Sunday, April 15, 2007

Green With Resentment

In politics, your worst enemies are not necessarily your direct opponents, not even your ambitious colleagues, but the people trying to occupy your particular niche.

We saw it in the virulent rhetoric with which the remnants of the old Progressive Conservatives attacked Reform/Alliance while sparing Jean Chretien's Liberals.

Now we may see the same emnity between the Greens and the NDP:

Green Party Leader Elizabeth May says she's been trying for months to get the NDP to talk about ways the two parties can co-operate on shared priorities, but the party has kept the door firmly closed to her overtures.

She was reacting to NDP criticism over the announcement this week by May and Liberal Leader Stephane Dion that neither leader would run an opponent in the other's riding.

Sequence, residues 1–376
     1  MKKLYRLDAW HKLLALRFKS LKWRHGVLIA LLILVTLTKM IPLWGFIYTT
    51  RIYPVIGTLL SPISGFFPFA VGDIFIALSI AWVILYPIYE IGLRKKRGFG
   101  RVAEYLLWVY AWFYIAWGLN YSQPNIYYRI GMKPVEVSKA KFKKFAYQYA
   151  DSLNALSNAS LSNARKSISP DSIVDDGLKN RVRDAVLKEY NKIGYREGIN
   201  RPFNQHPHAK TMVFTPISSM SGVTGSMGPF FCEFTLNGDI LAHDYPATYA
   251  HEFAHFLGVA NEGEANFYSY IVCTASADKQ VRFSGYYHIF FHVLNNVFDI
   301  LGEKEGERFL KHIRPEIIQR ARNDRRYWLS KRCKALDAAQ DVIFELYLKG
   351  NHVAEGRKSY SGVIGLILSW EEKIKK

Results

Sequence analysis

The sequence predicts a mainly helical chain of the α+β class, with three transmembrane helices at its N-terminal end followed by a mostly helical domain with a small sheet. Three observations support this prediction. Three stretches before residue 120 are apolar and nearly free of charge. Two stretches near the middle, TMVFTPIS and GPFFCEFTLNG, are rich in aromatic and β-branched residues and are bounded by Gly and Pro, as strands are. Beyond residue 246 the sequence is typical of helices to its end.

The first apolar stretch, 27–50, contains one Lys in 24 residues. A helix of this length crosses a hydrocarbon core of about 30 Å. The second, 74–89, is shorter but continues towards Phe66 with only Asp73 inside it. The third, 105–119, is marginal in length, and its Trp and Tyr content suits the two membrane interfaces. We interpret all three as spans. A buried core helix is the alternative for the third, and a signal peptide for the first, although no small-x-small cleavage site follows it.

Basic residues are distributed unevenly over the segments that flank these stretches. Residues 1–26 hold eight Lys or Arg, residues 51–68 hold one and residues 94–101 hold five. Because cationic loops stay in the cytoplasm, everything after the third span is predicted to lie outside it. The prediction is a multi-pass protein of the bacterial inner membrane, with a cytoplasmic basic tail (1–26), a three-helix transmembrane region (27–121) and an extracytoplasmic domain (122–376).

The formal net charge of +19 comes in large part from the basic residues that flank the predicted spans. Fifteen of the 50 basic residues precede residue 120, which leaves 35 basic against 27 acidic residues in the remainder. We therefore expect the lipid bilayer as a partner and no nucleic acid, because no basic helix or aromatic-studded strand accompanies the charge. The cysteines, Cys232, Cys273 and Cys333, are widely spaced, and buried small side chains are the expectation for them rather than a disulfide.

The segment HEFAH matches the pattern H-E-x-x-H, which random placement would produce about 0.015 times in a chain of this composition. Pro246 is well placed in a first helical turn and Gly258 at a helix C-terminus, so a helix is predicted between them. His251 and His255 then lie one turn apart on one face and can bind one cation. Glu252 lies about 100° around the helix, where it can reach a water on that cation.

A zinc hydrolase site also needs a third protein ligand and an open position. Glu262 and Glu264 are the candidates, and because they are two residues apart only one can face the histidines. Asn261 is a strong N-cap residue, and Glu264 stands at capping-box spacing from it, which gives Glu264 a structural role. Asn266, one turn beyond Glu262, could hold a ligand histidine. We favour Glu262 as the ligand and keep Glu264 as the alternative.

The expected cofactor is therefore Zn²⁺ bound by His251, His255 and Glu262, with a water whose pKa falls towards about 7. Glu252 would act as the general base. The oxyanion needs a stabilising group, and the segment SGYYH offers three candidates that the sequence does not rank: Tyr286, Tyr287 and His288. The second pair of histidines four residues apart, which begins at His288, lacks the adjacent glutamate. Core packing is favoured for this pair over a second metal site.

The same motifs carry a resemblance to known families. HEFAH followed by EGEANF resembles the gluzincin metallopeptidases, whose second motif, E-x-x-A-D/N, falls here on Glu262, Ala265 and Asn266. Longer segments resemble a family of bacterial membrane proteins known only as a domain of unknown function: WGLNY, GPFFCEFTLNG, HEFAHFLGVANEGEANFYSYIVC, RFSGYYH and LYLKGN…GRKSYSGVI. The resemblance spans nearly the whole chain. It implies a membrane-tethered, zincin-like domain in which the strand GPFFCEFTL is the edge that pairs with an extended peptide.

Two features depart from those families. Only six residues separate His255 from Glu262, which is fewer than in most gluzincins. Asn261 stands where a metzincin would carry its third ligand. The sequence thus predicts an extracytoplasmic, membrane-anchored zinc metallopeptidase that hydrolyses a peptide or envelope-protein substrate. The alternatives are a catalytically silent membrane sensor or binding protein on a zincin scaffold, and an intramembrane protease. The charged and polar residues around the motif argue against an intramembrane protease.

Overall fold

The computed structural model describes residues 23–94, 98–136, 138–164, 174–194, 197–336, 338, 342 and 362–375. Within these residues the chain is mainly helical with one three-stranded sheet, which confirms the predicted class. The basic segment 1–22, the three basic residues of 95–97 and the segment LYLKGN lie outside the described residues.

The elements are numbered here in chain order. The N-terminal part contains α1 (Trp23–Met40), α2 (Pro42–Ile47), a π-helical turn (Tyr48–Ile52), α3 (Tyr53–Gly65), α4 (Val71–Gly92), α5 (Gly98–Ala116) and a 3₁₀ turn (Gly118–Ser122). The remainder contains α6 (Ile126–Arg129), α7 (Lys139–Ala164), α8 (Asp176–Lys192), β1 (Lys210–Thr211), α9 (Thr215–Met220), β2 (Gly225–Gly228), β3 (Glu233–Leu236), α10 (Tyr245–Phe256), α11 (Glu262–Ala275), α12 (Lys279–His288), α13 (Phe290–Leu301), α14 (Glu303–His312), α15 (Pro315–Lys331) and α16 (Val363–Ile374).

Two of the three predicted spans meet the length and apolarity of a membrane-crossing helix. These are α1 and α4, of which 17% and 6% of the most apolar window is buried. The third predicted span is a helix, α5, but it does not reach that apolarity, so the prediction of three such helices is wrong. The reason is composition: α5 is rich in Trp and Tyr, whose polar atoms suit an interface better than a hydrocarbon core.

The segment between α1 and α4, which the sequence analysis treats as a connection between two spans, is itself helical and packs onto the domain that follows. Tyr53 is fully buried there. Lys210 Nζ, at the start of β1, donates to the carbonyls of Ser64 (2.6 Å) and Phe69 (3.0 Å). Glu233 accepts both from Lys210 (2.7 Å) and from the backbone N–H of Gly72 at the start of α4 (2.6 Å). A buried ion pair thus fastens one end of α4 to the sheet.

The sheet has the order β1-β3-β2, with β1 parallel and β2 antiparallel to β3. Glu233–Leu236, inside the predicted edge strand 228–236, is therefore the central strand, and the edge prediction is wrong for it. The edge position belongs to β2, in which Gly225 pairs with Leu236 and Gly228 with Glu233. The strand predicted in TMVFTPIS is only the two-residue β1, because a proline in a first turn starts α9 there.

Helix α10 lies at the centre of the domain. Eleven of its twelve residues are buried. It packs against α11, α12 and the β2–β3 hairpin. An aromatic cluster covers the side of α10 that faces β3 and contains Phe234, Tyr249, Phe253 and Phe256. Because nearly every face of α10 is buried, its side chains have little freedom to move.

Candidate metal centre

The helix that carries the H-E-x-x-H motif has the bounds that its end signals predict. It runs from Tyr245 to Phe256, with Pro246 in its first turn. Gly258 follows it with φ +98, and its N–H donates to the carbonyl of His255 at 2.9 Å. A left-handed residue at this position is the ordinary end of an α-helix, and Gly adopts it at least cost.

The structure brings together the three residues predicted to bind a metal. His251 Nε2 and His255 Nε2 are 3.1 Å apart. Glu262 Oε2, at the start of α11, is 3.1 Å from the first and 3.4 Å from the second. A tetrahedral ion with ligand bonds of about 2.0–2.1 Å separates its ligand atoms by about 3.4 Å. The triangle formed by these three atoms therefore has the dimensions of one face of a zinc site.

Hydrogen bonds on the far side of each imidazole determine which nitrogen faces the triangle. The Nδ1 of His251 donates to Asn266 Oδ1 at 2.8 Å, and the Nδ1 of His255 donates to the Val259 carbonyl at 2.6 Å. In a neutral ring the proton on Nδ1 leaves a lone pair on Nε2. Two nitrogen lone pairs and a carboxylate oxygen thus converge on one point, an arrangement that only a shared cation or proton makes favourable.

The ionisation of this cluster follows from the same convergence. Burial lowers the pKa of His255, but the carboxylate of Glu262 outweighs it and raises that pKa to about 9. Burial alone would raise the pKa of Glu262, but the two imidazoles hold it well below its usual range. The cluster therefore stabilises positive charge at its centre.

The NDP has called the move undemocratic, and former party leader Ed Broadbent revealed Friday that May had called former Canadian ambassador to the UN Stephen Lewis to try and get him to broker a deal with New Democrat Leader Jack Layton.

She admitted she has been frustrated with Layton's lack of co-operation, and turned to her old friend Lewis to try and open up the lines of communication.

"What the hell is wrong with Jack Layton that he can't answer a phone call?" she said on CTV's Question Period.

"I don't understand this. He talks to Stephen Harper all the time. Surely, our shared values are much closer between the NDP and the Greens."

Leave aside the petulant whining of a teenage wallflower who can't catch the eye of the high school football quarterback.

Jack Layton doesn't return her calls because the Green Party has taken the place that the NDP held for the past little while: occasional lenders of their social conscience, policy platform and stop-the-Tories votes.

Layton knows he'd just be a third wheel in the relationship.

They can't both have the same spot in Dion's affections.

Source: CTV

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